At initial diagnosis of MICRR by her dentist in 2013, the patient was a 60-year old healthy white female. She was referred to a periodontist for management of MICRR. Her medical history was unremarkable, except for hormone replacement therapy for hypothyroidism as a child. She is married and has two daughters who are reportedly healthy. On oral examination, the patient presented with no signs of overt gingival inflammation, bleeding on probing, increased pocket depth, or tooth mobility. Figure 5A shows a frontal view of her teeth on the day of MICRR treatment in 2014. Cervical resorption was noted on the palatal aspect of her maxillary left canine (Figure 5 B-D). The extent of the lesion is evident clinically on the palatal aspect of the tooth (Figure 5B) and radiographically (Figure 5C). Unlike most resorption lesions that are hidden subgingivally, this lesion was visible without manipulation of the marginal tissue (Figure 5B). The classic pinkish hue of the underlying soft tissue could be seen through the thin overlying enamel. Figure 5D shows an access flap being raised to evaluate the lesion and determine restorability. Although the lesion was extensive, there was no apparent invasion into the pulp. Note that the outline of the pulp chamber can still be seen on the radiograph (Figures 5C and 5E). After thorough lesion debridement, a resin restoration was placed and the flap closed (October of 2013). A radiograph taken five months later (March of 2014) (Figure 5E) showed that resorption continued to increase in size. Unfortunately, the tooth was given a hopeless prognosis and subsequently extracted by her dentist. According to the patient, the extraction and subsequent healing was uneventful and the site was treatment planned for an osseointegrated dental implant.
All members of the family received routine dental care over the 30-year period and absence of MICCR in non-affected members was confirmed clinically and radiographically. In the three affected patients, resorptive lesions were first identified during the fourth to sixth decades of life. All tooth types were affected with posterior teeth being affected earlier and with greater frequency. Strangely, not all surfaces were equally affected as no lesions were noted on distal surfaces.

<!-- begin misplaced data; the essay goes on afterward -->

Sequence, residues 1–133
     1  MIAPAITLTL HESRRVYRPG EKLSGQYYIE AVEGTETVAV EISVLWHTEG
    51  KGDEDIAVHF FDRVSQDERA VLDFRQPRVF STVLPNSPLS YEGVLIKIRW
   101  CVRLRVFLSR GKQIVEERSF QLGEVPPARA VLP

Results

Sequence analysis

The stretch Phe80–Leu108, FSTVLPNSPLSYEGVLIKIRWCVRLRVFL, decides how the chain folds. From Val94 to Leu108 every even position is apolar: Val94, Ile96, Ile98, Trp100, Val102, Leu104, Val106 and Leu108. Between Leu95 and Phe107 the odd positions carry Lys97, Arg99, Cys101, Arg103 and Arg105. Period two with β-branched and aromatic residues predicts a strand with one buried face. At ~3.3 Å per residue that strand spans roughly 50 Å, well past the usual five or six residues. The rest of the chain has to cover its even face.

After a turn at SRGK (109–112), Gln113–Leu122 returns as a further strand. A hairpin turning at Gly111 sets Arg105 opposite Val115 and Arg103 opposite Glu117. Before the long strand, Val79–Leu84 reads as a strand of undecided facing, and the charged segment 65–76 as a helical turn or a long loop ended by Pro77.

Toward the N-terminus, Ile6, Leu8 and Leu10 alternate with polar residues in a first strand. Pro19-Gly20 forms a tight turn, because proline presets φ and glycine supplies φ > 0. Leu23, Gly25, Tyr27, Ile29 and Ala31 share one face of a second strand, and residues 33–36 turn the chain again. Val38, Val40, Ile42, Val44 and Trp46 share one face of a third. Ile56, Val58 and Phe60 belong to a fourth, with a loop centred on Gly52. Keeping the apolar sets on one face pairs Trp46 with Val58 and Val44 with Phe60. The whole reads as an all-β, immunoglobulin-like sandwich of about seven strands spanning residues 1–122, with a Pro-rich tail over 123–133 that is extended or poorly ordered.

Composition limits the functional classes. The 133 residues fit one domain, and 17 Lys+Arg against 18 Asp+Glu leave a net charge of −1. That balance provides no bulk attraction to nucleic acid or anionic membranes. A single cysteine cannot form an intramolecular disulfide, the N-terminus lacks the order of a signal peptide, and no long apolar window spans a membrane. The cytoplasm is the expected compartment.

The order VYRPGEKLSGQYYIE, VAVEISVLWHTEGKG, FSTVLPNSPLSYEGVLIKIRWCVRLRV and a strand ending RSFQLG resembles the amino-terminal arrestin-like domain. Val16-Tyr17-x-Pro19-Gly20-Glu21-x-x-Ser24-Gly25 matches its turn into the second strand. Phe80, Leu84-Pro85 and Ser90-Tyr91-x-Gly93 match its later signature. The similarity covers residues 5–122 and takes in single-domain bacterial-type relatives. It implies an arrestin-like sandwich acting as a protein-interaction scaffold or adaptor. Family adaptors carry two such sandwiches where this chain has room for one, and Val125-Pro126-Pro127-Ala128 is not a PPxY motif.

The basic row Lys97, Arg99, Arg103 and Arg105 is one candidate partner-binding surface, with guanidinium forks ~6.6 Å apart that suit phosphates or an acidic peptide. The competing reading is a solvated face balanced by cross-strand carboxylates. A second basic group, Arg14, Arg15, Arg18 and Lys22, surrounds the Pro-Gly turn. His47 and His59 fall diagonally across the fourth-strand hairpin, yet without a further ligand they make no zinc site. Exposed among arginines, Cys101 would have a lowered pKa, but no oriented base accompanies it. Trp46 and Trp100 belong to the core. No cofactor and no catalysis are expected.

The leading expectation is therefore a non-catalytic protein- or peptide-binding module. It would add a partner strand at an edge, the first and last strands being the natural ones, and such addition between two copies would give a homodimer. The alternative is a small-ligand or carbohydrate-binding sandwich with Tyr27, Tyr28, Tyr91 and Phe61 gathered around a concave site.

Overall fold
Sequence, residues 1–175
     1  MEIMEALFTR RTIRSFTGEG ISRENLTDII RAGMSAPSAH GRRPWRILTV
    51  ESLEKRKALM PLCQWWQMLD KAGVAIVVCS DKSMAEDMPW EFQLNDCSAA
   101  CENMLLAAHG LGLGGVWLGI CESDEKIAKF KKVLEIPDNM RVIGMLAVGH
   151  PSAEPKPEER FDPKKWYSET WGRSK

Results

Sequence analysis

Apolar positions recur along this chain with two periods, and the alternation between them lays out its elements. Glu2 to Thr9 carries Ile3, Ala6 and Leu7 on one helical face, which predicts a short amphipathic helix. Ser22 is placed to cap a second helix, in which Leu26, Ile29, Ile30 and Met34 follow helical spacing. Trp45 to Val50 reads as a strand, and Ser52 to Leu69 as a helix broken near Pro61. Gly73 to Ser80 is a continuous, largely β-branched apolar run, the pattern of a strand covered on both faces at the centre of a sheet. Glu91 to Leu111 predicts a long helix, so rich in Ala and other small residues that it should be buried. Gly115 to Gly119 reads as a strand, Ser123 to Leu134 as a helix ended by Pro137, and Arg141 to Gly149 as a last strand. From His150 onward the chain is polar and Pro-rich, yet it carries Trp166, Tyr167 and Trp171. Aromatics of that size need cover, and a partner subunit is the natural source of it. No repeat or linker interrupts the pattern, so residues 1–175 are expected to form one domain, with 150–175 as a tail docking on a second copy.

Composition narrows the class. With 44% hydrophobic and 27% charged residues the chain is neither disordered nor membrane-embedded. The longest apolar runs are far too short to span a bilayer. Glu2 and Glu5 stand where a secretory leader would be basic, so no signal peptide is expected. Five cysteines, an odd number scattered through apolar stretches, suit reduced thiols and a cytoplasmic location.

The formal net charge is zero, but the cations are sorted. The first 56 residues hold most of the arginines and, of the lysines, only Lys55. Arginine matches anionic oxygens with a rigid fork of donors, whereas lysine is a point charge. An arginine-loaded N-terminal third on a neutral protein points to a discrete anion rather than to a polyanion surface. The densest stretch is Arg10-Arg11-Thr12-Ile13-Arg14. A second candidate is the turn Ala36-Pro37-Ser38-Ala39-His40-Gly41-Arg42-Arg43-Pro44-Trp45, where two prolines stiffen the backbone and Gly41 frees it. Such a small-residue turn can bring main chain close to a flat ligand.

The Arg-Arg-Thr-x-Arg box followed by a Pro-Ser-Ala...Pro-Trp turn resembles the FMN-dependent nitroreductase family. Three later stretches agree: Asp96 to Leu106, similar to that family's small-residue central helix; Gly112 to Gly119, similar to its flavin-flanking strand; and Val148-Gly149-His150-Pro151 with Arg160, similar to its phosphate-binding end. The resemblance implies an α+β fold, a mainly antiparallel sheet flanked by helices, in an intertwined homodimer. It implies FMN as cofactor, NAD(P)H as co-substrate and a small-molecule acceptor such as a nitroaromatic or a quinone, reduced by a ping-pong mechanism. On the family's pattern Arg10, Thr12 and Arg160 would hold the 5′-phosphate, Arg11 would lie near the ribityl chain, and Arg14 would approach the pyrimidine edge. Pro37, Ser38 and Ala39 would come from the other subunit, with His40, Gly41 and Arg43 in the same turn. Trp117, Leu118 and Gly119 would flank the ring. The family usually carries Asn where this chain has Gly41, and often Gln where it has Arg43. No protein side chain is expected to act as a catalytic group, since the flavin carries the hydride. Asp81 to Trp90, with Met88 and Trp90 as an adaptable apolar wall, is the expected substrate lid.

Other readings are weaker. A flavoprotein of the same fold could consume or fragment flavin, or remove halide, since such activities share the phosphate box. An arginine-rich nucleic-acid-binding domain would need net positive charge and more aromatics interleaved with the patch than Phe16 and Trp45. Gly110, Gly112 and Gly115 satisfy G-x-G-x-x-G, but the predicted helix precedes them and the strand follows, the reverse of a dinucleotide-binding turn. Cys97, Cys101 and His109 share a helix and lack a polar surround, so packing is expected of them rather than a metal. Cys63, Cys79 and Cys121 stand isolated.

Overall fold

This report describes three cases of MICRR, including a 30-year follow up on the previously reported father and son21, and a new case of an affected daughter in the same family. To the best of our knowledge, this is the first report of a familial pattern of MICRR with an extended follow-up period.
The described cases are of true idiopathic nature as none of the well-known predisposing factors for root resorption2–6 were noted. Consistent with the previously reported cases of MICRR13–16, the affected individuals were healthy with apparently non-contributory medical histories. The only unusual finding was that the proband and daughter reported being treated for hypothyroidism at a younger age, and the proband also reported a history of mild heart attack and colon cancer. Endocrine disorders such as hypothyroidism28 and hyperparathyroidism29 have been associated with apical root resorption induced by orthodontic treatment, although these findings have not been well established.30, 31 It is suggested that the low bone turnover rate noted in hypothyroidism decreases tooth movement while increasing the risk of root resorption.28 Based on this hypothesis, experimental clinical and animal studies have administered thyroxine to increase bone turnover rate and thereby reduce the risk of root resorption.32, 33 Nevertheless, to date, no studies have found an association between hypothyroidism and MICRR. The fact that the wife and three daughters with a history of hypothyroidism did not exhibit MICRR further questions the possible association between hypothyroidism and root resorption.